Every true New Mexican knows that August & September is this magical time when the most delicious spicy green chile peppers get thrown in a metal cage over an open flame. Roasters then char the chiles until their skin is burnt and their fleshy insides cook to perfection. It’s a glorious, glorious thing.
Those not from New Mexico might not understand the intense love of the stuff that the entire state shares. It’s so ingrained in our culture that “Red or Green?” is actually the official State Question.
The New Mexico Secretary of State’s website states, “In 1996 the New Mexico State Legislature passed a House Joint Memorial declaring “Red or Green?” as the official state question. This refers to the question always asked whether one prefers red or green chile when ordering New Mexican cuisine. This measure was passed to signify the importance that the chile industry has on the economy of the state. New Mexico produced 99,000 tons of chile in 2000, valued at nearly 49 million dollars, the number one cash crop in terms of sales in the state. With the adoption of this state question, New Mexico is acknowledging the financial gain and national recognition that chile generates for the state.”
But if you’re not from here, you might be wondering, “Huh??” Let me explain.
“Green Chile” refers to a type of elongated pepper which comes in a variety of heats. The chile pepper starts out green, but like a tomato, if left to continue ripening, it will eventually turn red. In most places you will find mild, medium, hot, extra hot, and then even the occasional extra EXTRA hot. The raw green peppers are then put in a metal roaster which blisters the chile’s skin over an open flame. The charred skin is then peeled off. The end result is a cooked, peeled green chile.
In New Mexico, going to get your chile is an event. Most people will get a bushel (roughly 25 lbs) or a “sack” (usually 35/40lbs). They’ll have it roasted and take it home. And then they’ll spend spend the rest of the afternoon peeling, chopping, and bagging the chile for the freezer. The goal is to get enough to last until next year’s chile season.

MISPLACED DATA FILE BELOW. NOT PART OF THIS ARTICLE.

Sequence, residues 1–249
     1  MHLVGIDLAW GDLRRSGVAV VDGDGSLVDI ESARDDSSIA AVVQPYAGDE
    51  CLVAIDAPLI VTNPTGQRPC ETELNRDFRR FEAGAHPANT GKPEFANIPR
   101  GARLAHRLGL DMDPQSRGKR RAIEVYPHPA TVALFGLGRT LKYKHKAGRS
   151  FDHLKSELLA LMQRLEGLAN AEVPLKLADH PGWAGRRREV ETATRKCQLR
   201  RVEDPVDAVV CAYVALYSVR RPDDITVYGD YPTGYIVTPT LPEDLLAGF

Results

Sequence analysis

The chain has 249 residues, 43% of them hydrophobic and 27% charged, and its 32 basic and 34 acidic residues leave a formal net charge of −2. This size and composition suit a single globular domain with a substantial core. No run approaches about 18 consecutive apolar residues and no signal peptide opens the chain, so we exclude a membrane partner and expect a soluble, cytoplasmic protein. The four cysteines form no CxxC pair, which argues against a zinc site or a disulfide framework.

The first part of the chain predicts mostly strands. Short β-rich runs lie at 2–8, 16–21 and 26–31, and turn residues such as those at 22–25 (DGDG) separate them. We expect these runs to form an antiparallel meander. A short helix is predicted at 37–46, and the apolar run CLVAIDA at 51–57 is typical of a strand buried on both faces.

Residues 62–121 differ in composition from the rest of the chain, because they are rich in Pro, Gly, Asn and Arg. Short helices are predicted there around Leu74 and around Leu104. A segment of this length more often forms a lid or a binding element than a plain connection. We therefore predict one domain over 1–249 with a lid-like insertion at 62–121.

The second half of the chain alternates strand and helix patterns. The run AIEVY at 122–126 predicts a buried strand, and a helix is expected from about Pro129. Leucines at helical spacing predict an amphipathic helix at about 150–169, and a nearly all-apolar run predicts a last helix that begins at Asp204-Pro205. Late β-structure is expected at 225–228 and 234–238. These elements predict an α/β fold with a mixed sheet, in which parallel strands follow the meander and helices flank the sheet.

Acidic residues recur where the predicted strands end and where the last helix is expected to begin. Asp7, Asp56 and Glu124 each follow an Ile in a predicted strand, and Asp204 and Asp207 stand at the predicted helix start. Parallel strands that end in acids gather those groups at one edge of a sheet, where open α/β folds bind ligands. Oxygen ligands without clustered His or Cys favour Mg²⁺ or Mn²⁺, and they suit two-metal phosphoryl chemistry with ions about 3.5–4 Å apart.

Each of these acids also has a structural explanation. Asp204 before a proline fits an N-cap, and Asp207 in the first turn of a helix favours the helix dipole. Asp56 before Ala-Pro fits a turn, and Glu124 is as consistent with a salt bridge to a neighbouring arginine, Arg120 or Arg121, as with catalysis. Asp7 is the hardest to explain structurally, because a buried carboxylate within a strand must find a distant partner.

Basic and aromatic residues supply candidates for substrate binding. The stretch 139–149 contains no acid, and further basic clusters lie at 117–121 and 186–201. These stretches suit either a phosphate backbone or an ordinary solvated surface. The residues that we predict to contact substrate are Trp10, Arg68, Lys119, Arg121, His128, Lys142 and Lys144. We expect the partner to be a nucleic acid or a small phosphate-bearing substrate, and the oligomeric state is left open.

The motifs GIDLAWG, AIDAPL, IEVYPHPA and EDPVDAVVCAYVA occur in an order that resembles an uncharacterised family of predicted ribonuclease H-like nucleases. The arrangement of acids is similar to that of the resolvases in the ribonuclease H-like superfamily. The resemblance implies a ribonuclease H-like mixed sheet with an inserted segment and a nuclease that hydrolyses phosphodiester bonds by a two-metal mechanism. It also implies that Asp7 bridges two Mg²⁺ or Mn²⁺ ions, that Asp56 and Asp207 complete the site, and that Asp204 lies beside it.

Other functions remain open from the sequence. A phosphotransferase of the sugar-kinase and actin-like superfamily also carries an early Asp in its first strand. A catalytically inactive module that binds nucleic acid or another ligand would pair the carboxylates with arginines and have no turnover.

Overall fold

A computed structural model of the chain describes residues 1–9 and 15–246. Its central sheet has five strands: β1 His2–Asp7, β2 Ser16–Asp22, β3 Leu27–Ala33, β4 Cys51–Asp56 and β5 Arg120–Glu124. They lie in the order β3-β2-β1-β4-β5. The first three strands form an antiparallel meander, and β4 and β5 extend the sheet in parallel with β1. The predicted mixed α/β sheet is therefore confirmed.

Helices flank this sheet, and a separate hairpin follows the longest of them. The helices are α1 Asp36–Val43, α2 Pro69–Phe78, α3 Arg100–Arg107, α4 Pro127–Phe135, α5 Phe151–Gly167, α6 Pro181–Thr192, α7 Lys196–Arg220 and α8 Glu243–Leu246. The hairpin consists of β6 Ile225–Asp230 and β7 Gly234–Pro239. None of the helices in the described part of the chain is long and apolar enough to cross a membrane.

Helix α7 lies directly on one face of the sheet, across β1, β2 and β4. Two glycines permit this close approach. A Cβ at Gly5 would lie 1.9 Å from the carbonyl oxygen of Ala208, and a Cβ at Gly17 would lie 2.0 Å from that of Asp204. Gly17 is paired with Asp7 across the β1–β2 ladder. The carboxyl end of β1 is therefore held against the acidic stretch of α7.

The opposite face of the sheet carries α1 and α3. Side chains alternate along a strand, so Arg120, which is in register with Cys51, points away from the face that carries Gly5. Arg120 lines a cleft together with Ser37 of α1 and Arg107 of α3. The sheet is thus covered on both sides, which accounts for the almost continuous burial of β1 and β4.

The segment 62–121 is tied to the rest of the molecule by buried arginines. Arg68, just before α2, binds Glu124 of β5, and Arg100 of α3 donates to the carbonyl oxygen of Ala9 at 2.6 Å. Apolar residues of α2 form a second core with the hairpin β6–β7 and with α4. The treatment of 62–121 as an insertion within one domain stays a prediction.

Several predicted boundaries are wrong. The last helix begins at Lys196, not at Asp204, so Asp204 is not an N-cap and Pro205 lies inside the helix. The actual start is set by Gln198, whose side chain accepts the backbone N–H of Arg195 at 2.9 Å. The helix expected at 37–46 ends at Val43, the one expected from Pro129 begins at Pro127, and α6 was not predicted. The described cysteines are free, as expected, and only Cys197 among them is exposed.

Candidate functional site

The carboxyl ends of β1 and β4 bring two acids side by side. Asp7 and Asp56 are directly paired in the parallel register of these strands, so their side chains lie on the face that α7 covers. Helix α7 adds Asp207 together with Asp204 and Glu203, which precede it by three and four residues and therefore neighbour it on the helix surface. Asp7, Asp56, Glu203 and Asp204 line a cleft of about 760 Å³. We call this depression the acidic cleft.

Typically, we roast the green chiles and dry the red chiles. Most commonly, you will find red chile sauce made out of the dried chiles, garlic, salt, cumin, and water (or stock).
The best part about it all is that you can put green or red chile on EVERYTHING.
Go to (almost) any restaurant in New Mexico (even McDonalds!) and they will have the option to “add green chile” to just about anything for a nominal fee. It goes on burgers, eggs, sandwiches, steaks, potatoes, rice, burritos, enchiladas, tacos, YOU NAME IT. And it’s a surefire way to make anything and everything taste just a little bit better. My favorite? Green Chile Rellenos: breaded & fried chiles stuffed with cheese!
To New Mexican transplants, it’s almost a sacred thing. Every year, I see friends who have moved to other states rejoicing on Facebook that they have found New Mexico Green Chile in another part of the country.
It’s something you can only get here, and it’s something that, if you catch the bug for it, will stay with you forever.
Not sure if you’ll like it? It’s a must-try if you’re going to stay in New Mexico. You can get the mild stuff that still has a great flavor but little heat, the extra hot stuff that might make you wish for some relief from the pain, or something in between. Most grocery stores have small bags already pre-roasted in their produce section.
You can also go to specialized farm stores (like Sichler Farms, the best Chile in the state, in my opinion), where selling roasted green chile is their bread & butter. They’re knowledgeable enough to help you find the amount and heat that’s perfect for you. You can also purchase a variety of other goodies based around chile (Green Chile Pistachio Brittle, Red Chile Jam, salsas, ristras, wreaths, etc).